A. mississippiensis
A. sinensis
C. crocodilus
C. c. apaporiensis
C. c. fuscus
C. latirostris
C. yacare
M. niger
P. palpebrosus
P. trigonatus


C. acutus
C. intermedius
C. johnstoni
C. mindorensis
C. moreletii
C. niloticus
C. novaeguineae
C. palustris
C. porosus
C. rhombifer
C. siamensis
M. cataphractus
O. tetraspis
T. schlegelii


G. gangeticus

Map and text by
Brandon Sideleau

Current Distribution of Crocodylus palustris


Countries where present
Iran, India, Nepal, Pakistan, Sri Lanka

Current presence unconfirmed

Countries where likely extirpated
Bangladesh, Bhutan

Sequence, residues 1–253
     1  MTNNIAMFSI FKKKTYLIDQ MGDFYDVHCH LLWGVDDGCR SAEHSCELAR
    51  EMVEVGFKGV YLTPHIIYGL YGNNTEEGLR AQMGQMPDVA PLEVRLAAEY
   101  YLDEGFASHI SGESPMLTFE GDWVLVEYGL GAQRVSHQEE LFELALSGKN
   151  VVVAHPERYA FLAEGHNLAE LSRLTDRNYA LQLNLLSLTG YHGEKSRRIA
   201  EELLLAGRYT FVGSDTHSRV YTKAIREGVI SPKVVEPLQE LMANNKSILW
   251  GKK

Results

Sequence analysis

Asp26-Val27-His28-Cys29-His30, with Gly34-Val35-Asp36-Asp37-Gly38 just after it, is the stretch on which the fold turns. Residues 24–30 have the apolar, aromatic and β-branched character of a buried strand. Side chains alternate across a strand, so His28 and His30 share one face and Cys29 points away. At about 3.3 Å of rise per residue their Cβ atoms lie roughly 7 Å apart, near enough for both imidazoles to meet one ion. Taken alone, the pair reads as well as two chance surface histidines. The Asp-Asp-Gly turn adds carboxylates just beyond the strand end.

Distribution is based on available data, last updated September 2012. The quality of those data vary between countries, some of which are recent and accurate, others of which are likely to be outdated or uncertain. This map presents our best guess as to where this species is currently found, based on historical maps and updated information provided primarly by local experts and IUCN-SSC Crocodile Specialist Group members. Crocodiles are also highly mobile and may be found as itinerants outside of their typical distribution. Areas of likely extirpation are typically that way due to loss of suitable habitat, although it remains possible though unlikely that small pockets exist unreported. The map and distribution notes below will be updated if new information become available.